Vulnerability Assessements

Information Security (data protection / GDPR / cyber security, call it what you will) is about managing the risks to the confidentiality, integrity or availability of the information your business relies upon to operate. And then, being able to demonstrate to your customers (or clients), suppliers and staff that you are doing the right thing to manage those risks, with the aim of engendering trust.

Unfortunately, when tech companies build new hardware or programmer’s write new software one of two things can happen. Either despite their best efforts and extensive testing and evaluation prior to release, something gets missed and a hole gets left in the security architecture of the device or application. Which is why freelance “bug hunters” can earn large sums ($100,000 to $250,000) from organisations such as Microsoft, Apple and Google for identifying such flaws. Alternatively, because the rate of change in the tech world can be extreme, the pressures to bring new product to market as quickly as possible and before someone else has the same good idea, can be intense. So, the development of appropriate security gets overlooked or abandoned in the rush to market. This is why, whether at work (or at home, with your personal devices,) you’re often being invited to patch or upgrade.

Consequently, one of the most obvious and often used means of compromising a business’s data, in order to steal identities, money or intellectual property, is by exploiting these vulnerabilities in the organisation’s IT systems. But how do you identify these, so you can protect your business and the data it controls or processes. Well in the first instance, these risks are hopefully a prominent entry on your business’s information security management risk register? And then secondly, the mitigation you might like to apply to manage these risks would be the conduct of a vulnerability assessment of your IT network.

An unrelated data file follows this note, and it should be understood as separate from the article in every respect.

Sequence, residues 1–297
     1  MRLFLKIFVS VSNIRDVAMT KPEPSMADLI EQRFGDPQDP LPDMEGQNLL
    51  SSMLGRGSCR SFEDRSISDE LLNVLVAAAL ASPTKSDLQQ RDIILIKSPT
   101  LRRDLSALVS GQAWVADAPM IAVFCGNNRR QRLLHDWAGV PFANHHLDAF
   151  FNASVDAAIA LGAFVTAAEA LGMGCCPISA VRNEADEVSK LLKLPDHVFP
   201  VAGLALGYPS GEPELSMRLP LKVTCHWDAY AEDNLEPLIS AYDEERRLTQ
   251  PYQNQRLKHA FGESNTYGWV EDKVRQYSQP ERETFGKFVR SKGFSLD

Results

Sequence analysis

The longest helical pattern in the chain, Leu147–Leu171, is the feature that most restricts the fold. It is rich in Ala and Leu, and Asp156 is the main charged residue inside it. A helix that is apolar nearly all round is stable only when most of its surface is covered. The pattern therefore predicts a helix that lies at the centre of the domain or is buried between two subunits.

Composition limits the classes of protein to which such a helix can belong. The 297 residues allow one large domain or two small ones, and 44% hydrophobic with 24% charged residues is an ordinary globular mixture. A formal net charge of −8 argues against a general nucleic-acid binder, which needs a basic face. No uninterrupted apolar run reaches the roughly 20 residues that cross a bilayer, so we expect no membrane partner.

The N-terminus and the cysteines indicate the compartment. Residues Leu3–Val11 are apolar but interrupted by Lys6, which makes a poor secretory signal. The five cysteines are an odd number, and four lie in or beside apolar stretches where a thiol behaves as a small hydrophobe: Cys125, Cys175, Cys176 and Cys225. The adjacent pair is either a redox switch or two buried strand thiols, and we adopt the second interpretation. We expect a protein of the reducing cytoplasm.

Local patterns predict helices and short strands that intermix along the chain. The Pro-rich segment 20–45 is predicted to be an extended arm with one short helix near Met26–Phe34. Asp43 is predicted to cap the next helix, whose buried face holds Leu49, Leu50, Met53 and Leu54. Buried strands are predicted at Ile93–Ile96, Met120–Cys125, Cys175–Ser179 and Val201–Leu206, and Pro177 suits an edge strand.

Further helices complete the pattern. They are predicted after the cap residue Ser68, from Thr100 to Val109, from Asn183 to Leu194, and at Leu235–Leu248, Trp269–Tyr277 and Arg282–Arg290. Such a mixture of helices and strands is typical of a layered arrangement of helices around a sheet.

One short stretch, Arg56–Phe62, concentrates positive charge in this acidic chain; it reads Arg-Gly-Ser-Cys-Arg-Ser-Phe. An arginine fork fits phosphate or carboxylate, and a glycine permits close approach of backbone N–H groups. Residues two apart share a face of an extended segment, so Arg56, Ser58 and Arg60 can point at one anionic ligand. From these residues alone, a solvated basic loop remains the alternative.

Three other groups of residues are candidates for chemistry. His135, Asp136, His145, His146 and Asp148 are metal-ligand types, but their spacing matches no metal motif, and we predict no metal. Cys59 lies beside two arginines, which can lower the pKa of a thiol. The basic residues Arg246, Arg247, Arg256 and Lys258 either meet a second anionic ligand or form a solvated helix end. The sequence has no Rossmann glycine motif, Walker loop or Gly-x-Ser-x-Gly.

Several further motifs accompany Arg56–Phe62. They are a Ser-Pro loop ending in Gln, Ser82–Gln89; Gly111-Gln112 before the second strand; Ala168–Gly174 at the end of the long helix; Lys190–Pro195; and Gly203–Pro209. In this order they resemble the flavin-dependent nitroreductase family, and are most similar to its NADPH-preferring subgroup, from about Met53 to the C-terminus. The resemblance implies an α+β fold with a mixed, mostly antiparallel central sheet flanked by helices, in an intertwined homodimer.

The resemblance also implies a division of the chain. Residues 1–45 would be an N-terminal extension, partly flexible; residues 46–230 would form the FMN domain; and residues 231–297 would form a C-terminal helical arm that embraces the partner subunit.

It’s unlikely that most businesses, unless very large and sophisticated, will have such capability in-house. Aside from which is you self-tested it would be akin to marking your own homework and you wouldn’t ask your bookkeepers or finance team to audit your annual accounts, now would you? So, the reassurance of having an independent third party do the work should not be underestimated.

One common excuse business often uses for prevaricating with commissioning a vulnerability assessment, is that it sounds expensive. The good news is that it isnt.  The costs are proportionate to the size and complexity of the system, so are even well within the means of SMEs, and as one astute client recently remarked, citing Stelios Haji-Ioannou, founder of EasyJet, “if you think health and safety is expensive, try an accident.” (And for accident in this situation read data breach)

The output should be a report, which identifies the existing vulnerabilities, grades the level of risk associated with each vulnerability and suggests appropriate remediation to close down that vulnerability. This you can share with your IT support team and they can then carry out the corrective actions to better protect your business and its information / data. Just one cautionary note at this stage. We don’t suggest merely passing the report to your IT support team. As some of the findings might reveal that some of the vulnerabilities ought to be already being managed as part of your service. In which case a careful commercial conversation might be in order?

But at the same time, we advocate that clients never lose sight of the purpose of the report, which should be to improve your security rather than merely finding a stick with which to beat your IT support providers.

So, in summary what are the benefits:

  • You can relatively quickly and easily enhance (probably significantly) the protection of your business and its data.
  • Having a vulnerability assessment report will be go a long way to demonstrating (to regulators, customers, suppliers and staff) that your business it trying to meet its obligations under the regulations.
  • Provide reassurance that your IT team haven’t dropped the ball and enhance their knowledge of security matters, so they can provide you with a better service going forward.

For more information, or to answer any queries you may have as a result of reading this, please contact us.


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